You’ll have a consultation usually somewhere in the region of 10-15 minutes with someone who has trained for at least 5 years plus however much post-qualification experience they have. They will have professional fees and subscriptions to pay, professional indemnity insurance and costs/time for attending continuing professional development so that they and their staff can keep on top of ever emerging and improving practice. To put the consultation time and cost in context, it’s not the slightest bit unusual for a 20 minute-half hr consultation with a private medical professional to put you back somewhere in the region of £200. During this consultation, you’ll be given that vaccine, which will need to be drawn up into a syringe and at least one, probably two, needles will be used. The needles will then need to be stored in a secure sharps container ready to be disposed of as ‘clinical waste’ with the costs associated with that, and the syringe itself will also need to be disposed of, for which there will be a charge to the practice. There may also be other pieces of equipment used during the health check (stethoscope, thermometer, otoscope etc) which will need purchasing in the first place, maintenance, cleaning and probably fairly regular replacement, along with any consumables such as paper towels, cotton wool, disinfectants etc.
When the consultation is over, you’ll head back out to reception where you’ll see someone who will access the computer and take your money either using a card machine/phone line or cash into the till. At the end of the day someone will need to reconcile everything in the till and do the banking and accounts as appropriate. And the practice will need to pay for accountants, auditing of accounts, and a whole host of taxes including corporation tax, employment taxes and VAT. I’ve probably forgotten some things, but all of that is still a good amount of activity and expense to add on to a vaccine only costing <insert wholesale price of vaccine here>.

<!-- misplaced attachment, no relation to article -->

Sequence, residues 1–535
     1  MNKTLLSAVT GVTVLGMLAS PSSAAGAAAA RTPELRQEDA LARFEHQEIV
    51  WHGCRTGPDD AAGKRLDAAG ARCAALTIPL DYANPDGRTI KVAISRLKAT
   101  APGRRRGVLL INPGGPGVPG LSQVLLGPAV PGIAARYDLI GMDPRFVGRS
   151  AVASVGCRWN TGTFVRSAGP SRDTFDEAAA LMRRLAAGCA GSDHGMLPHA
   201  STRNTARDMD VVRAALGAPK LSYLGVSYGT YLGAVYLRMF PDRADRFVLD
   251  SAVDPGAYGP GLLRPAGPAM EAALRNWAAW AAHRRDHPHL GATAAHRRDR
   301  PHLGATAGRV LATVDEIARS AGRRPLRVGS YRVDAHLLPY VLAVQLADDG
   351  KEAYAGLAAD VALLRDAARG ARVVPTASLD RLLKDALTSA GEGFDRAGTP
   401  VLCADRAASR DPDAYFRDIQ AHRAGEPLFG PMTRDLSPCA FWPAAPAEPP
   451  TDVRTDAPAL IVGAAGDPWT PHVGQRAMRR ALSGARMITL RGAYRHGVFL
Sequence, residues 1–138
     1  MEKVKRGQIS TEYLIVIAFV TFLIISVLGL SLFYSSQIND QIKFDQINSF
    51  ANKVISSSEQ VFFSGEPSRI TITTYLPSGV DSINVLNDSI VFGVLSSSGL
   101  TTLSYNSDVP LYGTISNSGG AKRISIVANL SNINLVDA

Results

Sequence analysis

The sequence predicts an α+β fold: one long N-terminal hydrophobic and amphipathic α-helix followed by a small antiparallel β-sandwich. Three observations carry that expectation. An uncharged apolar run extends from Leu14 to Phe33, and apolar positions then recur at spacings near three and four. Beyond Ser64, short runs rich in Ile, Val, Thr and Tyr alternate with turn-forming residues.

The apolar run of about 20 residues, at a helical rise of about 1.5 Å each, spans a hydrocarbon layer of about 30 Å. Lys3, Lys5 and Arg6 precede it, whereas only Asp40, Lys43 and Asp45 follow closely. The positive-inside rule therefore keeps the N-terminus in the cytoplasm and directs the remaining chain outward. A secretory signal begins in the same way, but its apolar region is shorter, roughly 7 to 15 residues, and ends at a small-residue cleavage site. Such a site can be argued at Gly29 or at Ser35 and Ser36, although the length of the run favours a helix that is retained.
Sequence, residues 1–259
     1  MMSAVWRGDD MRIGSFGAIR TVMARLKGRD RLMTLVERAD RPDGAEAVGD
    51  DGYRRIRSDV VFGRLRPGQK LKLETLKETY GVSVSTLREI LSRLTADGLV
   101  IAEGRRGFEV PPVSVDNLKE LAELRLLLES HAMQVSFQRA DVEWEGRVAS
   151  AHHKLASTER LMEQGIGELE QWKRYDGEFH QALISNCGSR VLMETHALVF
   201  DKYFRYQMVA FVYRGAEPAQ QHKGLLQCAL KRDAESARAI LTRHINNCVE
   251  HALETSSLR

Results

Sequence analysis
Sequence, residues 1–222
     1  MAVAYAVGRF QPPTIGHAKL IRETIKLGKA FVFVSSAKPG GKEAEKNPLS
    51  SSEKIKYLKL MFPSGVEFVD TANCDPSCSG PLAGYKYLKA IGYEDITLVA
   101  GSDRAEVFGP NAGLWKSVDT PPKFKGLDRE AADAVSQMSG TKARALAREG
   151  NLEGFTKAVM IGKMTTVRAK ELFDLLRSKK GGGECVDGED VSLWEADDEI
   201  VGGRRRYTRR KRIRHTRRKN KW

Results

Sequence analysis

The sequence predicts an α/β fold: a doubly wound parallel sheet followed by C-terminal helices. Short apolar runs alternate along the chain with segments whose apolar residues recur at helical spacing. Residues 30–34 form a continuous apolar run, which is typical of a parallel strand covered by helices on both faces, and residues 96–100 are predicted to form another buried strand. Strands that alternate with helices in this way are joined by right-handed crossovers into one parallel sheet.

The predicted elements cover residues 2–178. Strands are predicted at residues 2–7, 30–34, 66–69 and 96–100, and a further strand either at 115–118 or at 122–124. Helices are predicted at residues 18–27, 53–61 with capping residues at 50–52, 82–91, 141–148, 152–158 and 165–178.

Of course it might be possible to do it more cheaply. It might be possible to negotiate doing things at a reduced price And if the vet can help out by doing this from time to time and is happy to do so, then great. I’m not intending to make anyone feel guilty for having negotiated mutually agreeable discounts with their vet, nor for those who have found themselves in a difficult financial situation. But I don’t think we should demand having things at cost or reduced price as if it’s our right, or suggesting that anything over and above the absolute cost of the vaccine must be the vet just being money-grabbing. As I said earlier, I am quite sure there are some practices who do seek to maximise profit potentially at the expense of clinical excellence, but I don’t believe that’s the majority. In the majority of cases, the bulk of those fees go on running expenses without there being an awful lot of profit, and a lot of any ‘profit’ is ploughed back into the practice in any case. This will help to to ensure that staff are fairly paid, well trained and up-to-date, that equipment is state-of-the-art, well maintained and available for use whenever needed, that the practice itself is clean and well maintained, and that staff wellbeing is considered as important. I don’t mind paying a bit more for some of the routine items if it means that there are things like x-ray, ultrasound, blood testing all available on site rather than having to wait for samples to be sent away or waiting for a referral for some of these other core services. And do you know what, I don’t mind if staff are paid a decent wage for the work that they do, so that they are able to excel at what they do and enjoy a good quality of life as a result. Don’t we all want that for ourselves? Why should our veterinary professionals and their teams be any different? The veterinary profession has one of the highest rates of work-related stress which can have very serious consequences. Strong, happy teams, with high moral and low staff turnover are all things I’d be really happy to see. It’s entirely my choice to keep pets and to rescue animals, that means that it’s my responsibility to ensure they get what they need and I don’t feel that I should demand that anyone else lives on a shoestring or has lower quality of life because of my choices. Ultimately, if we don’t pay our vets a decent price for the work that they do, it will only be to the longer-term detriment of the practice and hence the service that we and our animals will receive.